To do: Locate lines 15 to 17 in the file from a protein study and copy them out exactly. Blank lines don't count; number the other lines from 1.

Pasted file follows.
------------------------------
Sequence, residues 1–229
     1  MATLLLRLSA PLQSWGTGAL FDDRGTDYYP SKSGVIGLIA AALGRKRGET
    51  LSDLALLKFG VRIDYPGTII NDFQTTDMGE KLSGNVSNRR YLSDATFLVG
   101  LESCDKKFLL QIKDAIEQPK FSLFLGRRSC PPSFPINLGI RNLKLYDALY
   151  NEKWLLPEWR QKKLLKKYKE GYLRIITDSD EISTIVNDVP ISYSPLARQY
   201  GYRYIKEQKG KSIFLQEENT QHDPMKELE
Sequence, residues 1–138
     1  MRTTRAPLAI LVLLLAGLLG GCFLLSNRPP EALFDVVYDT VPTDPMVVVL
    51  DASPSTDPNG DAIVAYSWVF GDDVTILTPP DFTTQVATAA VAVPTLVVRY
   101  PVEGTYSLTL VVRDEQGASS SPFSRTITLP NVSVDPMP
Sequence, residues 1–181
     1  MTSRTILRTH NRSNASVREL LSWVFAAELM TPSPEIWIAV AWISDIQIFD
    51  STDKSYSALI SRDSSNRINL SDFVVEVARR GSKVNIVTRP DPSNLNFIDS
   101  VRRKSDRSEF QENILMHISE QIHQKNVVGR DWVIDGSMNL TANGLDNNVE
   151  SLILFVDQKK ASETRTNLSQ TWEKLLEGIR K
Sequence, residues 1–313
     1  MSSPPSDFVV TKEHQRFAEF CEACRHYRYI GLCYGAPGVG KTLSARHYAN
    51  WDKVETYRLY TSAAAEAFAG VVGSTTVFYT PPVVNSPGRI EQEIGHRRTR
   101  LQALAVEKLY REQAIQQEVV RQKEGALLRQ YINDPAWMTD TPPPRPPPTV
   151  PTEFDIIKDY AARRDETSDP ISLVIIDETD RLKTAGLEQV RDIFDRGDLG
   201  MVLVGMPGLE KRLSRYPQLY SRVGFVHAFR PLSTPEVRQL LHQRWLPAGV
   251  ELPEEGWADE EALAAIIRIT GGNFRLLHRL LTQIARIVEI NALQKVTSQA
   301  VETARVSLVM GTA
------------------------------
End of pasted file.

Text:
   151  SLILFVDQKK ASETRTNLSQ TWEKLLEGIR K
Sequence, residues 1–313
     1  MSSPPSDFVV TKEHQRFAEF CEACRHYRYI GLCYGAPGVG KTLSARHYAN